Like plants and animals in nature, businesses must constantly evolve, or suffer stagnation and possible collapse.
Do you remember 3D TVs? Once touted as the wave of the entertainment future, 3D is now about as exciting as paint drying. Irritating glasses and side-effects like headaches and nausea have pushed people away from the once-exciting medium — for televisions, 4K resolution is the new frontier.
How did such a popular technology suddenly become obsolete? Evolutionary biology could give us a clue. Plenty of animals, like the wooly mammoth and giant sloth, were humongous and intimidating, but died out because the fundamental flaw of evolution: they moved too slowly.
Business, Biology, and Bandersnatches
Noted biologist Leigh Van Valen developed what he called “The Red Queen Hypothesis” in 1973. In Lewis Carroll’s Through the Looking-Glass, the Red Queen explains the nature of Looking-Glass Land, telling Alice, “Now, here, you see, it takes all the running you can do, to keep in the same place. If you want to get somewhere else, you must run at least twice as fast as that!”
Van Valen took this quote and formed a hypothesis of evolution around it: in order to survive, organisms must constantly evolve, and to thrive, they have to evolve faster than the organisms that surround them.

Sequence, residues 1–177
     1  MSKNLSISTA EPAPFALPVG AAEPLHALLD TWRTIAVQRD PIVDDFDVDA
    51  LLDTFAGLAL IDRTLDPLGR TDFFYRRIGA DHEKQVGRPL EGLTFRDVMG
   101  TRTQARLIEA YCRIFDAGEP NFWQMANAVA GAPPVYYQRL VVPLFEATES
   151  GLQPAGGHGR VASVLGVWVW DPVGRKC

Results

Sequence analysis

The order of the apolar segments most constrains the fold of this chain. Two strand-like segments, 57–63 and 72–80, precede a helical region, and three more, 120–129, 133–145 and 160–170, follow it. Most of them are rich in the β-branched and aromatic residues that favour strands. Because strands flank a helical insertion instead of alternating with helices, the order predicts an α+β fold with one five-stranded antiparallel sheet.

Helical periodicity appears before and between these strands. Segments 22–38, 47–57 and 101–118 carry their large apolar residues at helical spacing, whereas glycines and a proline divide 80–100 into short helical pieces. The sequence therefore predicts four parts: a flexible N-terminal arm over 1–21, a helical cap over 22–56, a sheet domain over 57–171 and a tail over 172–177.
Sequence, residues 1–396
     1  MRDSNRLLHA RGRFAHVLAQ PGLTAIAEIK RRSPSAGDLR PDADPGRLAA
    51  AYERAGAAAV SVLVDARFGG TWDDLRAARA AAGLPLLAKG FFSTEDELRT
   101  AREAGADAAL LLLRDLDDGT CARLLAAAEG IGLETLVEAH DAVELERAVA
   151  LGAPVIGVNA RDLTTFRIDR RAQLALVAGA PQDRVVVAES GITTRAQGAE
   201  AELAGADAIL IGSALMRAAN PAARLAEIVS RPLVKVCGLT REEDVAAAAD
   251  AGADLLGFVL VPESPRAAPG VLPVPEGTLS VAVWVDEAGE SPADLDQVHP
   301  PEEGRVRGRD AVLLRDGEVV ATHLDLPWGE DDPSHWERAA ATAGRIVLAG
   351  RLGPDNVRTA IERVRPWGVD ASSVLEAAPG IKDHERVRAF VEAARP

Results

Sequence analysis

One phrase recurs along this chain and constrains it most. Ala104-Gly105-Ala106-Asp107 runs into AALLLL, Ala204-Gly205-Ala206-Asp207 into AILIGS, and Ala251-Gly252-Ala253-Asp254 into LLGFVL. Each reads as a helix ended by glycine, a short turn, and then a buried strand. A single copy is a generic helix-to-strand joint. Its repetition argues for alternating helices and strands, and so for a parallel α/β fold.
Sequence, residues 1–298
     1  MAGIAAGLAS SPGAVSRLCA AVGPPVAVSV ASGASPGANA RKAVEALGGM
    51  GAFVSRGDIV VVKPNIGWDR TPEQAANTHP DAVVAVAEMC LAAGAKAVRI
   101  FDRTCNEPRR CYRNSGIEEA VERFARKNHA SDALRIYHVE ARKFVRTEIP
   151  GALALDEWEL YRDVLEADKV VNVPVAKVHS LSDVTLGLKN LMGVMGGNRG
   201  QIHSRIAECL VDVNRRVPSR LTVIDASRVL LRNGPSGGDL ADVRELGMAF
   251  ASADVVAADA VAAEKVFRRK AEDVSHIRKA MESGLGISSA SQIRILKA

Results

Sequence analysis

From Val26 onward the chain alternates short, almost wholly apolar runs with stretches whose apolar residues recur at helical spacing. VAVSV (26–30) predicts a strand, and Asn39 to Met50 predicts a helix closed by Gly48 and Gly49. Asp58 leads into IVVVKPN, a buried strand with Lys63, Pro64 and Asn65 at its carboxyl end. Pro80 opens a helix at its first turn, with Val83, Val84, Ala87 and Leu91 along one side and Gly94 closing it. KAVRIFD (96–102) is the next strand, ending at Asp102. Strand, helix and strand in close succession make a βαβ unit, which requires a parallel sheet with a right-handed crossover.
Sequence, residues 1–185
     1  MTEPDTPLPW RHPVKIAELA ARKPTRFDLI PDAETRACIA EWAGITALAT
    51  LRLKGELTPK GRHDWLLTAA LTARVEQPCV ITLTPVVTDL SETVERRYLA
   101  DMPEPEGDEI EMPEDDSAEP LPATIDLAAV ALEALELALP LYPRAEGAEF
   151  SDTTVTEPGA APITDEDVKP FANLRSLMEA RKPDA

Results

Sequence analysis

Business works in a very similar way, and leaders who don’t follow the advice of the Red Queen risk going the way of the wooly mammoth. No matter how big a company is, simply maintaining the status quo will leave it stagnant and vulnerable to massive shifts in the business climate.
In order to remain competitive, firms must build, maintain, and defend their differentiating value proposition. Big organizations are seeing more and more pools of their core business slurped up by smaller, more efficient, and more innovative companies.
Growth in Madhatter Weather
If a firm wants to grow like Alice in Wonderland, they need to make innovation a priority. It takes a tremendous amount of effort just to remain profitable, and growth requires working twice as hard. Companies must pay extra attention to business process improvement, innovation, and appropriate internal and customer-facing communication.
While the advent of digital has been a boon to startups, it has forced traditional companies to rethink their entire business models. Television channels, once the bastion of unretractable revenue, are now exploring subscription models like HBO’s, thanks to YouTube and Netflix stealing their viewer base. As quickly as one innovation becomes popular with consumers, another old, outdated one falls by the wayside. In the digital age, this process happens much more quickly, characterized by sudden thaws and cold snaps instead of global warming or ice ages.
If traditional firms are to compete, they need to keep a close eye on digital trends and benchmark themselves against the competition. Monitoring digital trends is just the first step to helping them better understand what potentially disruptive innovations are about to revolutionize their entire industry. Oftentimes, monitoring trends will help drive business transformation.
Whether business transformation is revisiting an old business model, implementing a new one, or just infusing a more digital sensibility into the current framework, firms now must run twice as fast to get anywhere. And the last thing they want is to find themselves checkmated by the Red Queen.